Vigil is about a man returning—after thirty years—to sit with a female relative on her deathbed. The self-centred and shallow protagonist Kemp uses acid wit and seemingly callous indifference to cover up the profound discomfort he experiences upon finding himself part of a death watch. Kemp’s problem is: she’s not dying fast enough. Through Kemp’s own errors and inattentiveness, the visit that he thinks will take a day or two stretches into a year, and he finds himself caring for his long-forgotten aunt Grace against his will. Gallows humour and Kemp’s diatribes on humanity and mortality fuel this delightfully dark narrative, but it is Grace’s economical contributions to the dialogue (she’s a woman of few words) that give this play its weight and profundity. A play of mistaken identity, twisted circumstance and surprising turns, it is deliciously absurd, incredibly funny and poignantly tender. This is one Vigil worth keeping. Cast of one woman and one man.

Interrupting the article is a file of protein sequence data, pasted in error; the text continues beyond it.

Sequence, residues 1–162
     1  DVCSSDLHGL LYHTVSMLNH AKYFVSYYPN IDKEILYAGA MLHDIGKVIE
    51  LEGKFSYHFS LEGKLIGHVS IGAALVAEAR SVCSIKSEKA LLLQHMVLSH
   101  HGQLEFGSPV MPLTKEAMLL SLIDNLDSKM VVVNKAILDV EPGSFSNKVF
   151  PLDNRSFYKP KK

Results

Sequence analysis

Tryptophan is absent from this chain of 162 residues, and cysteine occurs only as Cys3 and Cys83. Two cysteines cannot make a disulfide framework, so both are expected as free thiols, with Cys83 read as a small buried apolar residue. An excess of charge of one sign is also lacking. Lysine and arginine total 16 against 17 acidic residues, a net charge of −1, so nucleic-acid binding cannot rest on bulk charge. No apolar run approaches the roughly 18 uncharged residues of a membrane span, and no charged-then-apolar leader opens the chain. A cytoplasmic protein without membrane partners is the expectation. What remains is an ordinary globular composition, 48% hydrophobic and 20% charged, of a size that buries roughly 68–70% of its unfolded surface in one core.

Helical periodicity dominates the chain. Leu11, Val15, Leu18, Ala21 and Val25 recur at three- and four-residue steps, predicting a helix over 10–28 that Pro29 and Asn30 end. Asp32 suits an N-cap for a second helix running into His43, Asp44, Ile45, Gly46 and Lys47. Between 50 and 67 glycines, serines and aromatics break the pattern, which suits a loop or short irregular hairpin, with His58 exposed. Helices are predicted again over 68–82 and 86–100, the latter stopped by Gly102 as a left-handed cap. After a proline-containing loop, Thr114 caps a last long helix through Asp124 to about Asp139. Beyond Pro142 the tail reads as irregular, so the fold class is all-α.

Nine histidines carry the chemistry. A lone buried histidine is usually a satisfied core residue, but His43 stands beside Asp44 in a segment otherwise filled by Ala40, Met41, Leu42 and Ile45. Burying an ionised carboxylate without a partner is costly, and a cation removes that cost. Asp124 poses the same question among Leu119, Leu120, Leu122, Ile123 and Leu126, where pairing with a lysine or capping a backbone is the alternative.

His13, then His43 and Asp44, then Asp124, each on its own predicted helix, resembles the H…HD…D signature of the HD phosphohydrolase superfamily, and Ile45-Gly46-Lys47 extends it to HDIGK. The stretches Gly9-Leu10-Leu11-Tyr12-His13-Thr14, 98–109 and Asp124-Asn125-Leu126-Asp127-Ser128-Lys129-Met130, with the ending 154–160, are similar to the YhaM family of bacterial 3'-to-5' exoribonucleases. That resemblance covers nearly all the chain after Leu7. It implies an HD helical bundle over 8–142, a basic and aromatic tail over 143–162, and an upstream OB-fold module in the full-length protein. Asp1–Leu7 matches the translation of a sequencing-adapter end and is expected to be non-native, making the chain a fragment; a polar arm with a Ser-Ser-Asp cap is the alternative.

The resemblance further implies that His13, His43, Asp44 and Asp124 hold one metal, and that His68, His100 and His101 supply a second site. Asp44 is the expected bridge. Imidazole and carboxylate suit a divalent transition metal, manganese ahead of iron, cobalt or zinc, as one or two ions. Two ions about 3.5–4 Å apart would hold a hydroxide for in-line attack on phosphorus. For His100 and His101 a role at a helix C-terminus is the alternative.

About the author
Playwright, actor and director Morris Panych has been described as “a man for all seasons in Canadian theatre.” He has appeared in more than fifty theatre productions and in numerous television and film roles. He has directed more than thirty theatre productions and written more than a dozen plays that have been translated and produced throughout the world. He has twice won the Governor General’s Award and has won the Jessie Richardson Theatre Award fourteen times for acting and directing. He has also been nominated six times for Toronto’s Dora Mavor Moore Award and three times for the Chalmers Award. His classic 7 Stories ranks ninth among the ten best-selling plays in Canada, outselling the Coles version of Romeo & Juliet.